Starting on 1st August, 1944, the Polish Home Army resistance rose against Nazi Germany in Warsaw, mounting what was by far the largest single military effort by a European resistance movement in World War 2. The advancing Soviet Red Army halted and waited for the German Army to completely crush Polish resistance and did not lift a finger to help, even though it had air force assets less than five minutes flight time away from where the Poles fought and died, light infantry weapons and a few captured heavy weapons against tanks and artillery. The Soviets quite literally watched and did nothing, refusing requests by the Western Allies to use Soviet airbases to provide assistance to the Poles. More than two hundred long distance supply drops were conducted by the RAF in spite of Soviet opposition, but were completely inadequate for the needs of the defenders.

However as the Polish Home Army was loyal to the Polish government-in-exile in London, the Soviets saw it as an obstacle to their intentions to turn Poland into a communist puppet state, and were delighted to have their former ally but now bitter enemy Nazi Germany eliminate this politically inconvenient group.

Starting on 16th September, 2014, the Kurdish People’s Protection Units (YPG) and elements of the Free Syrian Army (FSA) began defending the town of Kobani from the Salafist forces of the Islamic State, light infantry weapons and a few captured heavy weapons, against an enemy who have heavy weapons and copious munitions that they acquired in Iraq, when the Sunni elements of the Iraqi Army either changed sides or simply abandoned their depots and ran away. Also early on in the Syrian Civil War, what was to become the Islamic State gained material support as part of the resistance movement against the Syrian Government, from Turkey under its politically Islamist leader Tayyip Erdogan.

The largely Kurdish defenders of Kobani in Syria are associated with Turkish Kurdish nationalists of the Marxist PKK, and thus the Turkish army are quite literally watching from across the border from within small arms range, as Kobani’s defenders are being crushed in bitter street fighting by the numerically superior and better armed Islamic State.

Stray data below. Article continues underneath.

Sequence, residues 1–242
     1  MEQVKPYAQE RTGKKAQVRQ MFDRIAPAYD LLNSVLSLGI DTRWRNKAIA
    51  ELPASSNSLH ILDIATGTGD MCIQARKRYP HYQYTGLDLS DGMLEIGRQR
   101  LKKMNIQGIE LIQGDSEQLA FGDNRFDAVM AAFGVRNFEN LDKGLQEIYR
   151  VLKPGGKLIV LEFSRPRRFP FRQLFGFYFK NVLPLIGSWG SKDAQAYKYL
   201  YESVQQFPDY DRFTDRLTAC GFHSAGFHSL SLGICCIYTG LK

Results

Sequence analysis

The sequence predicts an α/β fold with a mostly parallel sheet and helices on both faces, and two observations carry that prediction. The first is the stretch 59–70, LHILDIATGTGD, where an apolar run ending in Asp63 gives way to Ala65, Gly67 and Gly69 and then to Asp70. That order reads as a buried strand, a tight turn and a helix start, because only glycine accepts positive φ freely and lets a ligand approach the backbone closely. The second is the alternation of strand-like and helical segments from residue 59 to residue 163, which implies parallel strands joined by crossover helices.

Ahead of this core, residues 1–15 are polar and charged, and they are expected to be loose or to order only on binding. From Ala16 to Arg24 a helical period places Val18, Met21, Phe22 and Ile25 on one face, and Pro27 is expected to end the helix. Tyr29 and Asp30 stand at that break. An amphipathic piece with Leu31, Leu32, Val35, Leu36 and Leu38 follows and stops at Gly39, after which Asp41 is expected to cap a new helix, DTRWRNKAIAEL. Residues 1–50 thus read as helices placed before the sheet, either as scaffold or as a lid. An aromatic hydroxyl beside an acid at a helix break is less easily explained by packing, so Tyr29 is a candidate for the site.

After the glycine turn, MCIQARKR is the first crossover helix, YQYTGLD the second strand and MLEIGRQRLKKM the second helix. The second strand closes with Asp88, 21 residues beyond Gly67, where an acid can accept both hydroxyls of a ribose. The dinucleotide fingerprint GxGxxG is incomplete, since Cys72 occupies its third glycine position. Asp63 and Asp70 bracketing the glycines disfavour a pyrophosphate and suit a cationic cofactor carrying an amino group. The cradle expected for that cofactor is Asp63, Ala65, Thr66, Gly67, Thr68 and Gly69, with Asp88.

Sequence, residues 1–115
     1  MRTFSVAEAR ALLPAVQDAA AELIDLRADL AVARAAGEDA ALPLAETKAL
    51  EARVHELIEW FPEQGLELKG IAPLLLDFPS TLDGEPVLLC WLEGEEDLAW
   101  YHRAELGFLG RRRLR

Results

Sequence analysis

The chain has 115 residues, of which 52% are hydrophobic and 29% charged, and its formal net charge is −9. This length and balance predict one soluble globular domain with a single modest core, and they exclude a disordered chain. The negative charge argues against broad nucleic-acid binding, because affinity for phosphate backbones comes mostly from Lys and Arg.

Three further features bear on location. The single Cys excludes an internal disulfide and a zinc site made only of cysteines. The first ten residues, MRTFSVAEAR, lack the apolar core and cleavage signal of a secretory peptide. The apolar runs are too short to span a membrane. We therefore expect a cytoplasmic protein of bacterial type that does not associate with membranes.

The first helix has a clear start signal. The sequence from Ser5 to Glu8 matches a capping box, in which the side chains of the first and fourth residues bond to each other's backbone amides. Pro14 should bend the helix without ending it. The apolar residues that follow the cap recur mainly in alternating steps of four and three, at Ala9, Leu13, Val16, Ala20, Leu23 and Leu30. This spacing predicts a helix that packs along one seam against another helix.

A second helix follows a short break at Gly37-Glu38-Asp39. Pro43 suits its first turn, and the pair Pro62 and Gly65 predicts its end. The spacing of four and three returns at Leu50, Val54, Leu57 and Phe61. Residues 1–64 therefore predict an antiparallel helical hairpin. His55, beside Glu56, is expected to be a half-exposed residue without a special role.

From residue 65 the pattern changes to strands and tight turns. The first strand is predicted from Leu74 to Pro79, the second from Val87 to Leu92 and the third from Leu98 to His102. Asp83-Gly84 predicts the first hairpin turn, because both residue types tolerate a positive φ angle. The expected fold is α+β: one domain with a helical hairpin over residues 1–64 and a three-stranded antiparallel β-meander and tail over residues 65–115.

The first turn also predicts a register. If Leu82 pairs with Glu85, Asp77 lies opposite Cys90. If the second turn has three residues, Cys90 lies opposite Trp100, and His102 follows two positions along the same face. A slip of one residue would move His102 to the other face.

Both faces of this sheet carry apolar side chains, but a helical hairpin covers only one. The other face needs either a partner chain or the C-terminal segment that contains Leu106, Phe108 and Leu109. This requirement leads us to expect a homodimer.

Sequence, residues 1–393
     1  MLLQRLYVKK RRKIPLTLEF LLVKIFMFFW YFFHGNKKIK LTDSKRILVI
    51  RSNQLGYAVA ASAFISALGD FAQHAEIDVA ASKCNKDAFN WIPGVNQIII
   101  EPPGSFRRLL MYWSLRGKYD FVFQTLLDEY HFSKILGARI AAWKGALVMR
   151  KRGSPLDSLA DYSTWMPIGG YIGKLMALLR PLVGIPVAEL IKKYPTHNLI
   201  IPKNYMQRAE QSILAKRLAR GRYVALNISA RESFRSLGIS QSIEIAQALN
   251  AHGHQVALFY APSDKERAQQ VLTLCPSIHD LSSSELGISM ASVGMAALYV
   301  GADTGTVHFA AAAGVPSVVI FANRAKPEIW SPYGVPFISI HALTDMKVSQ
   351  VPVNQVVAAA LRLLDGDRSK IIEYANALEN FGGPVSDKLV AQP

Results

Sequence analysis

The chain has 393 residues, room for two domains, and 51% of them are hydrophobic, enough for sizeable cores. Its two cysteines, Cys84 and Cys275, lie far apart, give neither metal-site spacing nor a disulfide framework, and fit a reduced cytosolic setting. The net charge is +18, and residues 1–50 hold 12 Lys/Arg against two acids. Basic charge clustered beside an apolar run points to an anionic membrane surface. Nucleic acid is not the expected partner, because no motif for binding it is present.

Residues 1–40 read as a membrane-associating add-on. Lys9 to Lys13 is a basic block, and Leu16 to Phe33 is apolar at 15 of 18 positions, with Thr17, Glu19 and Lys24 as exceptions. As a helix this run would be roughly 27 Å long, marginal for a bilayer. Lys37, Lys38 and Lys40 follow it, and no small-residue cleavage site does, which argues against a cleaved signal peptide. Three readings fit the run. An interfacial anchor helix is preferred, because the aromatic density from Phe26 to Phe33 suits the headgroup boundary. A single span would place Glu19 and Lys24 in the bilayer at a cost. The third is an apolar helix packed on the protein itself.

The Islamist government of Turkey is really not that concerned by the Islamic State, and so they are quite happy to see them crush the politically inconvenient and politically secular Kurdish nationalists in Kobani. Turkey has refused requests for NATO aircraft to use Turkish airbases, and the mostly American strikes have failed to prevent the Islamic State from forcing their way into the town at the time this article is being written.

The parallels are striking.

Let’s cheer up about technology

Optimistic science fiction does not create a belief in technological progress. It reflects it. Stephenson and Thiel are making a big mistake when they propose a vision of the good future that dismisses the everyday pleasures of ordinary people – that, in short, leaves out consumers. This perspective is particularly odd coming from a fiction writer and a businessman whose professional work demonstrates a keen sense of what people will buy. People are justifiably wary of grandiose plans that impose major costs on those who won’t directly reap their benefits. They’re even more wary if they believe that the changes of the past have brought only hardship and destruction. If Stephenson wants to make people more optimistic about the future and more likely to undertake difficult technological challenges, he shouldn’t waste his time writing short stories about two-kilometer-high towers.

Virginia Postrel.

Modernist Cuisine and Nuclear Reactors

I rececntly ordered a water circulating heater for sous vide cooking. I do not like cooking all that much, but the controllability and repeatability of sous vide, along with the opportunity to play with a new gadget, appeal to my not-so-inner geek. To make the most of it, I ordered a copy of Modernist Cuisine at Home. It is a home version of the original Modernist Cuisine book that comprises six volumes and 2,400 pages and deconstructs the science of cooking. It is part of the molecular gastronomy movement in cooking, an attempt to make cooking more science-y. This appeals to me also because normal cookbooks are oppressive: “Do this!” they say, without ever explaining why. From their random examples I am unable to build a mental model of what is going on, so I can only follow the instructions blindly and wonder why I failed. And the jargon in cookbooks is incomprehensible; I am much more likely to be able to understand a science book.